25 Mar In the Armed Services? The Servicemembers Civil Relief Act May Help You Avoid Bankruptcy! (Part Two of Three)
In this second part, we will discuss what is probably the most common use of the SCRA: to stay or delay legal proceedings against members of the armed forces while they are on active duty.
One of the fundamental aspects of the United States court system is the right to have notice of a lawsuit that been filed against you and the right to defend that lawsuit.
If an enlisted person is on active duty, then it is often likely that the service member will not be served with proper notice of a legal notice of a proceeding filed against him.
The SCRA requires the court or administrative agency that has authority over the proceeding (known as Jurisdiction)to grant a stay (continue the proceeding) for at least 90 days if the court finds that a proper defense cannot be presented without the defendant’s presence.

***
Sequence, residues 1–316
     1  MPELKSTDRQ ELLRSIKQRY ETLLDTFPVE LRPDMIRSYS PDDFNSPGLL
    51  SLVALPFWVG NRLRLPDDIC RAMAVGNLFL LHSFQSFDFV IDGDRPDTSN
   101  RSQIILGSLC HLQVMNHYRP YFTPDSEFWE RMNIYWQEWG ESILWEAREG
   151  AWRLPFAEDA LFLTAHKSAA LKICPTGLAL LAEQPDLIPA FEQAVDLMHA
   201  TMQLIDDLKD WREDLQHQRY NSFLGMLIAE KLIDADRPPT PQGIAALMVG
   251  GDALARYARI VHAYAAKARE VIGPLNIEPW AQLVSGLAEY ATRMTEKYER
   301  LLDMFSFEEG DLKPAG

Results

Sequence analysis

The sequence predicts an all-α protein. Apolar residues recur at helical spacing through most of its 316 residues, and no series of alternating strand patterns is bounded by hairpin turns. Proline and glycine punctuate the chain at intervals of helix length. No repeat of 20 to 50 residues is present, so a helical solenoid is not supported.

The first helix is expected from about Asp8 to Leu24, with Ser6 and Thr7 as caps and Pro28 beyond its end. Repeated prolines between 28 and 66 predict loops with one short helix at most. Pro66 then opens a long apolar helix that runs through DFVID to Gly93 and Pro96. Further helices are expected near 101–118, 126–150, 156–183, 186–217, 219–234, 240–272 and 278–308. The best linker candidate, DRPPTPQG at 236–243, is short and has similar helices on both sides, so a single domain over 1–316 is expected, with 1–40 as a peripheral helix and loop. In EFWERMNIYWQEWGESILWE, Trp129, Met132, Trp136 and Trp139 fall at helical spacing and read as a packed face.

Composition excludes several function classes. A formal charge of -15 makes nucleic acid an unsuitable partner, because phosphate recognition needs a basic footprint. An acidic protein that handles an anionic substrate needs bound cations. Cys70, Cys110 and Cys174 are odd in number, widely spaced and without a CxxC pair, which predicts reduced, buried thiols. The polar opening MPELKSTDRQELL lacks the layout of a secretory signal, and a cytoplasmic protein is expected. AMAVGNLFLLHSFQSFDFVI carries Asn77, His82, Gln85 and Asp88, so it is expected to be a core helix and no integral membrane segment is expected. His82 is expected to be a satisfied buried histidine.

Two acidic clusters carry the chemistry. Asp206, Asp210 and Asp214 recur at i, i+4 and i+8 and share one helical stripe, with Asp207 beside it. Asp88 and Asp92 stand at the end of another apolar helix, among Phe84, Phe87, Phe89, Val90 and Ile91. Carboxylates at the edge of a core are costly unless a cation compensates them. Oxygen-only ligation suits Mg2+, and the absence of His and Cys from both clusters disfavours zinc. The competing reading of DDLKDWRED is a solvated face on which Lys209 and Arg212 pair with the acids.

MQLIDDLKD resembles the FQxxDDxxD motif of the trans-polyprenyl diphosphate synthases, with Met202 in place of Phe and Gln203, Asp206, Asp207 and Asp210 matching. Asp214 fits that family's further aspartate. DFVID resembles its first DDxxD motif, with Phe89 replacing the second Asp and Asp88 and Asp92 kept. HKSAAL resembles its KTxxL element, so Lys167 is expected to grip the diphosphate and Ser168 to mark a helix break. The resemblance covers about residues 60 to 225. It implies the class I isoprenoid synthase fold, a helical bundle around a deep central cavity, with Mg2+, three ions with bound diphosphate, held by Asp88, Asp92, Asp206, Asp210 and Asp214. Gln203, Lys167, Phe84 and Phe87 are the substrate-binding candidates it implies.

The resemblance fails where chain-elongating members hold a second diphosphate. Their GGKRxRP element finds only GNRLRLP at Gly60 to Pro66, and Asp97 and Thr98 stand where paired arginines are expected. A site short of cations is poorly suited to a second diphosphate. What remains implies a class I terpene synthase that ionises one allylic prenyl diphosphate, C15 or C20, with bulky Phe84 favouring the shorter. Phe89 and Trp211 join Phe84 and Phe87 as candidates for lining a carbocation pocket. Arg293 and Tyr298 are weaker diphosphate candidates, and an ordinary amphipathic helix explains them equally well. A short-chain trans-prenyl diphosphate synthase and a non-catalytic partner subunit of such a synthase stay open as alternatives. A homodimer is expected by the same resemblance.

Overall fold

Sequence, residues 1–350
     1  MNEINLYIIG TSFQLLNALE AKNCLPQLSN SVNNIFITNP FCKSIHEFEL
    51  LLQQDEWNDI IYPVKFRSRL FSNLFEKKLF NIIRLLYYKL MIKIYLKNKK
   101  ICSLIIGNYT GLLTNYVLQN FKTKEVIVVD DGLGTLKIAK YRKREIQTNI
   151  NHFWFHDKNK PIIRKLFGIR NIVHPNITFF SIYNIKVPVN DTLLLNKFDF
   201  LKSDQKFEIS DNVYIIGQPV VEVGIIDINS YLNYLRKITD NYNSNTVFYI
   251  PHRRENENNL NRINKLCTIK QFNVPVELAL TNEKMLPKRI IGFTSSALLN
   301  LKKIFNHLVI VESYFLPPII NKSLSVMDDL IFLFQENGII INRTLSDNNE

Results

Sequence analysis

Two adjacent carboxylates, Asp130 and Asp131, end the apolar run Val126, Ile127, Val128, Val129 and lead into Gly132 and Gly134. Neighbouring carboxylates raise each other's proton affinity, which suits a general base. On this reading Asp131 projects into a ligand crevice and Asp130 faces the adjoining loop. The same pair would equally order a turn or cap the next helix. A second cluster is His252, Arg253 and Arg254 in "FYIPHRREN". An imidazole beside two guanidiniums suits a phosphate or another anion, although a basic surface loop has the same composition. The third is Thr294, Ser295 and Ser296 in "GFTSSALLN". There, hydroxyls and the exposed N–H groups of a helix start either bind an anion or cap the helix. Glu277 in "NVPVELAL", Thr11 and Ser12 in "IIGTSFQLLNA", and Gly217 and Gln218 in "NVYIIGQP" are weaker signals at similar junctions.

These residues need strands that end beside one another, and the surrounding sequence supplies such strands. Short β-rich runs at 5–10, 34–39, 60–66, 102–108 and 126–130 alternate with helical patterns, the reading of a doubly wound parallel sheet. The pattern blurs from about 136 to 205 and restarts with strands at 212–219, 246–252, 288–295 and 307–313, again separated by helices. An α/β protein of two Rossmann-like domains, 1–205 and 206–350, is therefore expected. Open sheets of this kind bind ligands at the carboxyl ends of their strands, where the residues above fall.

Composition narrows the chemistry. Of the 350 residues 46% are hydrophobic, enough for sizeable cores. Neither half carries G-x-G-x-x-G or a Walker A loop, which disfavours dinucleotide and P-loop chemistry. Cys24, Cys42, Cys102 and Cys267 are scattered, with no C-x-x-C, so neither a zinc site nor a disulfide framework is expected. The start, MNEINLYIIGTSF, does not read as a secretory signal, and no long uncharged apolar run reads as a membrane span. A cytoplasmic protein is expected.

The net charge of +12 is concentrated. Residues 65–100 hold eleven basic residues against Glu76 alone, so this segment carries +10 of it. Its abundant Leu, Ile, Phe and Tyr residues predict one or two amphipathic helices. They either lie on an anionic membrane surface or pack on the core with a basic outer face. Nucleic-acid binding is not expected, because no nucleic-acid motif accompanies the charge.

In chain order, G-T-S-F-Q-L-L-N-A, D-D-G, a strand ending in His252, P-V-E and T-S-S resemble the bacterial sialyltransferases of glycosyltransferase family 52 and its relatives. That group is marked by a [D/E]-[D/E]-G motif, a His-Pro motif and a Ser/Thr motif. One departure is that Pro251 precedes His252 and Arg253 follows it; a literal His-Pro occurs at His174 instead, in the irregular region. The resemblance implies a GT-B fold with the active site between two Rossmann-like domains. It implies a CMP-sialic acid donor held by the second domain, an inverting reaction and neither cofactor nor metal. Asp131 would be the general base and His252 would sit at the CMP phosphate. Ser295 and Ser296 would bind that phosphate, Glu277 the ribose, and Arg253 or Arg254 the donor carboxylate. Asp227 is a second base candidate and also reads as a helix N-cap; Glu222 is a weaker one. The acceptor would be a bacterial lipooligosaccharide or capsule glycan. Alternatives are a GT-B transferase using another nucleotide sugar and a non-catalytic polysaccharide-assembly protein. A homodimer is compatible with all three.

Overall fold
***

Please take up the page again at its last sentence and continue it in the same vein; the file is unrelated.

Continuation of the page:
Even if the service member has notice of the proceeding, he is still entitled to a mandatory 90 day stay if he sends a letter stating how his current duty prevents him from appearing and gives a date when he can appear, or if the service members commanding officer sends a similar communication stating that the military duty prevents an appearance and that leave is not authorized for the service member.
Additional stays may also be sought and if the additional stay(s) are refused by the court, the court must then appoint an attorney to represent the service member in the action or proceeding.
The stay provision of the SCRA is a powerful tool to protect a service member from actions by creditor’s while the service member is on active duty.
In Part Three we will discuss how interest rates can be adjusted under the SCRA.
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